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Ramirez I.,University of Kiel | Paiva V.H.,University of Coimbra | Fagundes I.,SPEA Portuguese Society for the Study of Birds Lisbon Portugal | Ceia F.R.,University of Coimbra | And 3 more authors.
Animal Conservation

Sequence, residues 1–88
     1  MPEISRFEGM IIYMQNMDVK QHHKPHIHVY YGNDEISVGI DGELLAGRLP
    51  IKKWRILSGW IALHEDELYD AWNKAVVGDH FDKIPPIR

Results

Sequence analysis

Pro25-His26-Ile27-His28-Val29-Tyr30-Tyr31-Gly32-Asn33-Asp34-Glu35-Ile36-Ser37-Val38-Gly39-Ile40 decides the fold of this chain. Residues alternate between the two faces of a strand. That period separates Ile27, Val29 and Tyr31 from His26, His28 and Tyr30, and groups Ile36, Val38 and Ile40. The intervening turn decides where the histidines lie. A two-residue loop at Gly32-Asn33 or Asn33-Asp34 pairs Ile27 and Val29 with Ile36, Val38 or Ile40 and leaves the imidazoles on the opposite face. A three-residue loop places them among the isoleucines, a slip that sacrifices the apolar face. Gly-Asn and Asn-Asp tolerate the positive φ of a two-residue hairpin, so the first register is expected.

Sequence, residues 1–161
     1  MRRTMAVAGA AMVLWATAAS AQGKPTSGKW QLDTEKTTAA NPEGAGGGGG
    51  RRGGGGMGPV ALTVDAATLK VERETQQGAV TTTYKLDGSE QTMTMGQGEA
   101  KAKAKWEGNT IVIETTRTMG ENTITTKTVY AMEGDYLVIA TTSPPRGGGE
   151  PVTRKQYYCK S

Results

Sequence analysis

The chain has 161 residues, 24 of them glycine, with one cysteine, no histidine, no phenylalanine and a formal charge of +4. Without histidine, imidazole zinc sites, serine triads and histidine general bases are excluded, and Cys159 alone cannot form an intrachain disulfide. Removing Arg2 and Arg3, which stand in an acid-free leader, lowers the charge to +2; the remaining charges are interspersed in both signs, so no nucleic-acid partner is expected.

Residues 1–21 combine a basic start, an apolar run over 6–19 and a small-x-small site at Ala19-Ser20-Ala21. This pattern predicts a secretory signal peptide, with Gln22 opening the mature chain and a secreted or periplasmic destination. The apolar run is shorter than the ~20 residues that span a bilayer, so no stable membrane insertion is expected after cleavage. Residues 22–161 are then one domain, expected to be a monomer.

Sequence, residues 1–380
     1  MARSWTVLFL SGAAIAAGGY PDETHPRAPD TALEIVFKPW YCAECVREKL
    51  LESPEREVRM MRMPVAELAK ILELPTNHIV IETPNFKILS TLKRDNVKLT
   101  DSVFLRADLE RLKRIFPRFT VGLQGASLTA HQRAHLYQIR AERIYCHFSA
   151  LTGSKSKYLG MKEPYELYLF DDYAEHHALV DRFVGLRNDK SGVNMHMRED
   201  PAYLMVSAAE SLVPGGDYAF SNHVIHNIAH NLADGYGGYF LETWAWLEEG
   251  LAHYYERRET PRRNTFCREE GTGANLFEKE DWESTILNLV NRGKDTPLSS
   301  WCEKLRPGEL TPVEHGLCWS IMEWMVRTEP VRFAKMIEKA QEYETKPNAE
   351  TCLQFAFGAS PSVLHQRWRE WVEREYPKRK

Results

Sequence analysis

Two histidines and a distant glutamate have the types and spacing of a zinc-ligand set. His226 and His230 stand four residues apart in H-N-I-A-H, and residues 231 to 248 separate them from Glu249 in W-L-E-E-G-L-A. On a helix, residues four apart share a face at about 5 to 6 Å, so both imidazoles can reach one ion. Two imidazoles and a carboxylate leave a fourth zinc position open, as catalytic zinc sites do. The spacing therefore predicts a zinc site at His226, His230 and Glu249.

Individuals within populations can use different resources, leading to ecological segregation and niche variation. This segregation could have direct impacts on the migratory strategy or breeding success, thus affecting the overall population and community dynamics and, ultimately, survival. In this study, we assessed the inter-annual and within individual foraging ecology of an endemic and highly threatened seabird species, the Desertas petrel Pterodroma deserta, during the breeding and non-breeding phases. We combined 54 annual tracks (26 individuals; 2009-2013) obtained with light-level loggers (Global Location Sensing or GLS loggers) with stable isotope analyses (δ15N and δ13C) of blood (plasma and cells) and feathers. Wide-ranging tracking data show that this species is a generalist predator, able to adapt to very different habitats. All birds remained faithful to their selected non-breeding areas over the years leading to very high spatial, temporal and trophic consistency among years (i.e. usually with intra-correlation coefficient values, which is an index of repeatability of >40%). During both the breeding and non-breeding seasons, individual birds showed narrow and segregated isotopic niches, indicating a high level of specialization and limited choice of prey and habitats. The conservation of a seabird with such a dispersive (species-level) yet consistent (individual-level) non-breeding distribution pattern represents a challenge in marine policy terms. On the one hand, such a consistent temporal and spatial pattern will help with defining core areas for conservation, which could be protected through specific management measures or by the establishment of marine protected areas. Yet, their relatively large size (on average 4000km2) and extent over both national and international waters, where different legislative frameworks apply, will require the coordinated action by many nations, international organizations and multilateral environmental agreements. © 2015 The Zoological Society of London. Source

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